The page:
Josh George travels the world…fast.
We were thrilled to speak with Josh George, a champion racer and world record holder who has traveled the globe competing for more than a decade. In addition to being an accomplished athlete, Josh is a graduate of the University of Illinois, has been a contributor to the New York Times and is a public speaker.
We had the opportunity to ask Josh about racing, travel and accessibility and we hope you’ll enjoy the interview as much as we did.
You’re very well known for your prowess as a racer. What is your proudest accomplishment?
JG: I’ve been fortunate in my career to finish on the right side of the pack a few times, but my proudest accomplishments were definitely my wins in the Chicago Marathon in 2014 and the London Marathon in 2015. Before winning in Chicago I had spent 12 years training to become successful in the marathon. I had won some smaller races, but Chicago was the first time that I had won a major race with a large elite field.
Winning London the following year was proof to myself that Chicago was not a fluke. Though I was not favored to do well, my solid tactics coupled with my fitness allowed me to pull off the win. I don’t know if I’ve ever felt a sensation like the one I felt storming down the mall to the finish line with Buckingham Palace rising up behind me.
A lot of people have never had the opportunity to be in a racing chair. Describe the excitement that you must feel when competing at high speed.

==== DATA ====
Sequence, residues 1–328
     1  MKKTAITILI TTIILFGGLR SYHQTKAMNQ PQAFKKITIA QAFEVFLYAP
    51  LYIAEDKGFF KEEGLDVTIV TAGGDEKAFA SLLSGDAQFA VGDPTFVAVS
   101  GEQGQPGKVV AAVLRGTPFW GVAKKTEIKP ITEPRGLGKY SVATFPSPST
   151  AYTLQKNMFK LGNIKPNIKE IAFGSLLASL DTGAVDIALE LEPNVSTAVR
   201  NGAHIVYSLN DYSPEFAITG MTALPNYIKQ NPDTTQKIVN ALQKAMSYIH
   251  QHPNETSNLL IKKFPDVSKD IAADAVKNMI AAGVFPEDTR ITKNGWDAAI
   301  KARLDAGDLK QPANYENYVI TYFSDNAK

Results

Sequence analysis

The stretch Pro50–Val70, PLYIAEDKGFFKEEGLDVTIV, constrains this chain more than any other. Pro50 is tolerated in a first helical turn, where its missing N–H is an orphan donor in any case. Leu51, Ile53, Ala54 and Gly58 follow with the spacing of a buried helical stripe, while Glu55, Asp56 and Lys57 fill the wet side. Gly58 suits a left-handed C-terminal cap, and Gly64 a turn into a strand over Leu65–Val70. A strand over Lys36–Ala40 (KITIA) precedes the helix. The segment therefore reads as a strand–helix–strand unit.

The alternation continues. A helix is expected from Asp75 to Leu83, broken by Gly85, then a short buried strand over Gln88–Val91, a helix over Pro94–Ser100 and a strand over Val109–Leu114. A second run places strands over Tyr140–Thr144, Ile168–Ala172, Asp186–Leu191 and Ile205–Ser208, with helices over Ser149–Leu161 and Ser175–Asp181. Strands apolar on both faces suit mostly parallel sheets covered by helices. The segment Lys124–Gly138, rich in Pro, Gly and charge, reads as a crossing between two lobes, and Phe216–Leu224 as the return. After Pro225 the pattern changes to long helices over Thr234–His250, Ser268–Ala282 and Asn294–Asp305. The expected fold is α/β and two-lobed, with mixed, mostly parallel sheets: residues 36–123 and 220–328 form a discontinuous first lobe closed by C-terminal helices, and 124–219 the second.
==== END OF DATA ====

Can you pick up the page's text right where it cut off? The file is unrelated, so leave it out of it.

JG: The racing chair is a fickle beast. When everything is clicking there is nothing like the feeling of flying down the road, watching the asphalt fly by as your arms pump in a fluid and rhythmic motion. Your head is position so close to the ground that speeds feel faster, and your heart races a touch more than it would otherwise. When it’s not clicking it just hurts, and you spend your training sessions convincing yourself that it is all part of the process. That’s the trade-off I guess.
What do you like most about traveling?
JG: Whenever I travel I try to imagine what it would be like to live in the place I’m visiting. My favorite trips have been the ones in which I find myself in tow with a local who is excited to share their home with me. I get caught up in the atmosphere and allow my imagination to spin tales of how my life would be. Plus, you typically end up finding the best spots when you step out of the guidebook and take up with the locals.
What are some of your favorite destinations?
JG: I don’t actually get to travel that much for pleasure. I am on the road a lot bouncing from race to race, and that is definitely enjoyable, but the races dictate where I go, not my own whims. I am fortunate to get to race in some amazing cities like Chicago, New York, London, and Tokyo, and I race an annual track series in Switzerland, whose rolling hills speckled by farms and backed by mountains look like real life versions of illustrations in fairy tales.
Of the rare number of trips I’ve gotten to take outside of racing my recent favorites have been a family vacation to the big island in Hawaii, and a trip I took with some friends of mine to Thursday Island in the Whitsundays, an island chain off the northeast coast of Australia. Both offered some of the most serine tropical backdrops I have ever experienced, and the people we met on Thursday Island were some of the most generous I have ever dealt with.
What challenges do you most often face when traveling?